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Tony Evers calls in Legislature on Saturday to enact all mail-in spring election, GOP leaders reject proposal
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Tony Evers calls in Legislature on Saturday to enact all mail-in spring election, GOP leaders reject proposal

From the The COVID-19 pandemic hits home: Keep up with the latest local news on the coronavirus outbreak series

GOP leaders said Friday they will not support Democratic Gov. Tony Evers’ request to extend Tuesday’s presidential primary and spring election into May, limit almost all voting to mail-in ballots and send a ballot to every registered voter who has not yet requested one — all measures to mitigate a health hazard for poll workers and voters amid the COVID-19 pandemic.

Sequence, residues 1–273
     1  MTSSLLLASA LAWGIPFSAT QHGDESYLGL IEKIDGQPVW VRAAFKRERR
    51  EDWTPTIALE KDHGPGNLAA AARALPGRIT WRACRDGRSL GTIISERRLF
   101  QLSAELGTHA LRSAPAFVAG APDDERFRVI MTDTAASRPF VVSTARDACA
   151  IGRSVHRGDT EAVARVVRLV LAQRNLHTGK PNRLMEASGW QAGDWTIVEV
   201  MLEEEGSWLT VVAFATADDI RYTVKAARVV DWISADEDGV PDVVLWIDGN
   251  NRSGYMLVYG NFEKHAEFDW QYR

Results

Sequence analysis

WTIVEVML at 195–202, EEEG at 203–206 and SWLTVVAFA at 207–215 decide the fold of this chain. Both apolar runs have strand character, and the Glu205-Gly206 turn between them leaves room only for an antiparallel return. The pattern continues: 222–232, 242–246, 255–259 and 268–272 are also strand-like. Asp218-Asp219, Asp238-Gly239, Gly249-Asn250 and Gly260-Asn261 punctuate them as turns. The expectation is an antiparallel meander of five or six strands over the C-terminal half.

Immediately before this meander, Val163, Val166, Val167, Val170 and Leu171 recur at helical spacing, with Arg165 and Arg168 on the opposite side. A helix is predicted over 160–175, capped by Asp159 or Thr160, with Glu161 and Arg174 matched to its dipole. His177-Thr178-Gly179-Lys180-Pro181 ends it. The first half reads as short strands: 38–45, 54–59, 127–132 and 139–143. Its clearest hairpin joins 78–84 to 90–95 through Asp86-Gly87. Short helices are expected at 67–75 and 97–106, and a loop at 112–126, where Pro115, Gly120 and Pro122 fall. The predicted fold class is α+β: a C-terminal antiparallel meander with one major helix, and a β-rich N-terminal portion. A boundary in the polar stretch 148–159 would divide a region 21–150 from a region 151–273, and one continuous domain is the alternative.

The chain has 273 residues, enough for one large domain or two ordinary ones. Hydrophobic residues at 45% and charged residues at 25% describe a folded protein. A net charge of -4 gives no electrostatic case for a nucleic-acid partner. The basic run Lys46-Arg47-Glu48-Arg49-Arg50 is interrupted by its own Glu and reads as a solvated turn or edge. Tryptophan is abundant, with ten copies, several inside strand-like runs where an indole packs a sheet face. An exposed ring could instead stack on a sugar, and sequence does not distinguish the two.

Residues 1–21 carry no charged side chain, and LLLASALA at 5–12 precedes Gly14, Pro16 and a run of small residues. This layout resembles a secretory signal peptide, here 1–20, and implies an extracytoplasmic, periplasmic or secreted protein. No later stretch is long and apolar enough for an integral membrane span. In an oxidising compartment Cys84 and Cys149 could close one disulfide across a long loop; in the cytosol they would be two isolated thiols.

Evers on Friday ordered the Legislature to meet in special session at 4 p.m. Saturday to take up the legislation. Evers’ order came a day after a federal judge declined to postpone Tuesday’s election, but ordered the deadline for filing absentee ballots be extended to April 13.

Republicans asked the 7th Circuit U.S. Court of Appeals, based in Chicago, to put that ruling on hold, asserting that U.S. District Judge William Conley, on short notice before Tuesday’s election, “rewrote” the rules for the election, creating voter confusion.

However, the appeals court on Friday refused to grant the stay. The order did not provide any explanation for the refusal.

The 7th Circuit did stay Conley’s decision to exempt absentee voters from the witness signature requirement, saying the judge didn’t consider that lifting the mandate might open the door to fraud.